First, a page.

At slightly more than three hours, this movie version is just half of what the consortium of Canadian and French companies shot for the television market. The film purports to be a history of Louisiana as seen through the eyes of a doughty heroine (Kidder), who married three men and kept
her promise to maintain her family manse, known as "Bagatelle." Now, if the story of a tough woman in the Deep South in the 1800s sounds familiar, you're absolutely right. Forty years go by, and we see Kidder age gracefully as she marries, has affairs, gives birth, battles, and winds up with the
one man who has stuck with her through thick, thicker, and thickest (Charleson). This steward at the plantation satisfies her intellectual needs (such as they are) but is a total washout in the bedroom. After her early sexual flings, however, Kidder finally realizes how fleeting these pleasures
are and how much she cares about Charleson. By the time the movie ends, Kidder has been involved with Parisian socialite Lanoux and cotton man Pellegrin, as well as a few others who are hinted at. Pellegrin eventually rapes and then murders Kidder's daughter. The period costumes and settings all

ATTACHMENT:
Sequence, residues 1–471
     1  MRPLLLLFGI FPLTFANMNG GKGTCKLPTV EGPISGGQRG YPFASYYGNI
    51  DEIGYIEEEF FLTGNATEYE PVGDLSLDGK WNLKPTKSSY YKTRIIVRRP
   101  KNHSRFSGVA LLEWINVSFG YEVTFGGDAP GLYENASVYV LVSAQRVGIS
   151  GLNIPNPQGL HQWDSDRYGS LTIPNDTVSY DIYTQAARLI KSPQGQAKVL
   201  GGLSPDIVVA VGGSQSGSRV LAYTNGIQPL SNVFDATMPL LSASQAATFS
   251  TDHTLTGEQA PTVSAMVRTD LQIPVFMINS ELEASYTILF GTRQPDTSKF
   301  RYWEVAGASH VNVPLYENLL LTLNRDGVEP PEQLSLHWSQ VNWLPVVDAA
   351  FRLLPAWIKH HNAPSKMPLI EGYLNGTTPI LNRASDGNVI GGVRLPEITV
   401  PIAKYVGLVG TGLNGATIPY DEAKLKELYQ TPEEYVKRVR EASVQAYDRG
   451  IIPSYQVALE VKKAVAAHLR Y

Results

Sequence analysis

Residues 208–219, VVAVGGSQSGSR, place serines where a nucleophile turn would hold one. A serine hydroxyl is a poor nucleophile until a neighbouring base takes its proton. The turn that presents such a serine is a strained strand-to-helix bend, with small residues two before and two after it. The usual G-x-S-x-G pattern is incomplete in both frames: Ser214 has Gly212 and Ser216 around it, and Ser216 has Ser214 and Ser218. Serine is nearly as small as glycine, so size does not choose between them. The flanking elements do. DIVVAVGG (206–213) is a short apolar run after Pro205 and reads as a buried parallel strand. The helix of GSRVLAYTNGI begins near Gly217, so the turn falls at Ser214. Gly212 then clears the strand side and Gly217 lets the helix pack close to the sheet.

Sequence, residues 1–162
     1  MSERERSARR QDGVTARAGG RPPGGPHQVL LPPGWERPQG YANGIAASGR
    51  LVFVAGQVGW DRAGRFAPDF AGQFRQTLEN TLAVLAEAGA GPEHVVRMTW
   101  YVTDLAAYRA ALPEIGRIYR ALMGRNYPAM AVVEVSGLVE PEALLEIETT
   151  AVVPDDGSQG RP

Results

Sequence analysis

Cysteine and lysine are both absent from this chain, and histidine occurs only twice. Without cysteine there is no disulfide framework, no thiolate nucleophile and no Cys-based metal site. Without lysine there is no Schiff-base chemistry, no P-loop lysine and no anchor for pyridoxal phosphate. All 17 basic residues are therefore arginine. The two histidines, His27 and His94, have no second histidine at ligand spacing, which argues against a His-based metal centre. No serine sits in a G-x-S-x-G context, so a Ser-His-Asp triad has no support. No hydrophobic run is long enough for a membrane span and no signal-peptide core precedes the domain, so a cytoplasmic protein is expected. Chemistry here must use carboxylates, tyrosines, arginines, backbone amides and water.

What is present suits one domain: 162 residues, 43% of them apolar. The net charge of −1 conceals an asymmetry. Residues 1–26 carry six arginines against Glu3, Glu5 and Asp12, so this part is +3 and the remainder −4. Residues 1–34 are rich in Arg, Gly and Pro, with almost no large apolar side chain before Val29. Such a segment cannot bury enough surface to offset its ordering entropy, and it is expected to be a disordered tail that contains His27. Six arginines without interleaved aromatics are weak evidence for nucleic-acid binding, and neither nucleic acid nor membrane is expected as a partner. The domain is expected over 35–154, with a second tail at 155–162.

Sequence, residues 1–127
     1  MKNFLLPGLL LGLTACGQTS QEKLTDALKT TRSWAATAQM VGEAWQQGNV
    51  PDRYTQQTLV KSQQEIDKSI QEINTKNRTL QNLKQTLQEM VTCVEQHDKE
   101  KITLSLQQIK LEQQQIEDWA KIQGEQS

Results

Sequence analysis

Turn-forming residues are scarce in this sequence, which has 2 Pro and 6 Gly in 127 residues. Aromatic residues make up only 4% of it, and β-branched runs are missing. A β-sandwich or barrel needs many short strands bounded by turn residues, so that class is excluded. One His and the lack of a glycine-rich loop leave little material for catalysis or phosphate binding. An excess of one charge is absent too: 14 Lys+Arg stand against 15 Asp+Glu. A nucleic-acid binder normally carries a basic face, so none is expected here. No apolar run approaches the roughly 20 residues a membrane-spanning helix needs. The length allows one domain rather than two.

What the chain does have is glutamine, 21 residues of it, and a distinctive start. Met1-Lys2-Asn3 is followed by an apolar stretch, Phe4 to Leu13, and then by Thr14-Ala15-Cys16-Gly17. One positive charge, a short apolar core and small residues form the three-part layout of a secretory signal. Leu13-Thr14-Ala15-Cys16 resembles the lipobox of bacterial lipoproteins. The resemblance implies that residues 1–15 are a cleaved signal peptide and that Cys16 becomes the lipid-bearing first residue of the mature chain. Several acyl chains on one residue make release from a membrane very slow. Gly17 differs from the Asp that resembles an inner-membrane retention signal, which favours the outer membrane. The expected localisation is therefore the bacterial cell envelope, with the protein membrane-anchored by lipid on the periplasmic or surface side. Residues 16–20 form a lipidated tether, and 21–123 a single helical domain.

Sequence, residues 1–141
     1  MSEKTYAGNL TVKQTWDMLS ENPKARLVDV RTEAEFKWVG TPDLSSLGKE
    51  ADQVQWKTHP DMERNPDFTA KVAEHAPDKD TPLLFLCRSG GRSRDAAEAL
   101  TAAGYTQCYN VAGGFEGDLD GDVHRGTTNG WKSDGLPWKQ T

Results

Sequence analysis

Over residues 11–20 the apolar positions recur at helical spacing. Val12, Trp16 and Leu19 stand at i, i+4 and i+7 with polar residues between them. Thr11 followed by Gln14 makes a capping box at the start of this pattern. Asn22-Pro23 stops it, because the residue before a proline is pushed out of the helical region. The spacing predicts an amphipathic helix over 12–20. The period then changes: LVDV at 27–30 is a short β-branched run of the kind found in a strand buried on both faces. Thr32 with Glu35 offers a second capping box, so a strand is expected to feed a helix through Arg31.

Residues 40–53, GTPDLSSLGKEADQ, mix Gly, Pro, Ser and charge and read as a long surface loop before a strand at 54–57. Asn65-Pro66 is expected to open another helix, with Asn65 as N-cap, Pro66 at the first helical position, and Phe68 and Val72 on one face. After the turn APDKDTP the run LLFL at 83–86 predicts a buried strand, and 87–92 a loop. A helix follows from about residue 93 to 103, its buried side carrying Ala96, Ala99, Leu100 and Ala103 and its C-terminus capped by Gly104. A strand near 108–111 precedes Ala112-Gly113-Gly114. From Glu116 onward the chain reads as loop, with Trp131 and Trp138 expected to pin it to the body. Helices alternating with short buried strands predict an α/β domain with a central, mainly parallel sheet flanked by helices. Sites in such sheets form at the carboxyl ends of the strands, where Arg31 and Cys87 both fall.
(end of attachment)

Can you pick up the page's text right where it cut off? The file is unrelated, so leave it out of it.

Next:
have the look of frugality. Again, this is a "Canadian content" movie (the Canadian government grants depended on the number of Canadians involved). The picture could have used any of several US actresses in the lead, but Kidder--a Canadian (whose talents leave much to be desired)--was selected.
The usual cliches in the script leave us with the painful feeling that we've seen it all before--and better. De Broca had previously made a few fine comedies such as THAT MAN FROM RIO, KING OF HEARTS, and DEAR INSPECTOR. Directing this movie did nothing for his reputation, but it did for his
personal life: he married Kidder. Two other fine French directors had previously been selected for the miniseries movie, Etienne Perier and Jacques Demy, but both had second thoughts after seeing the script.
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- Released: 1984
- Rating: NR
- Review: At slightly more than three hours, this movie version is just half of what the consortium of Canadian and French companies shot for the television market. The film purports to be a history of Louisiana as seen through the eyes of a doughty heroine (Kidder)… (more)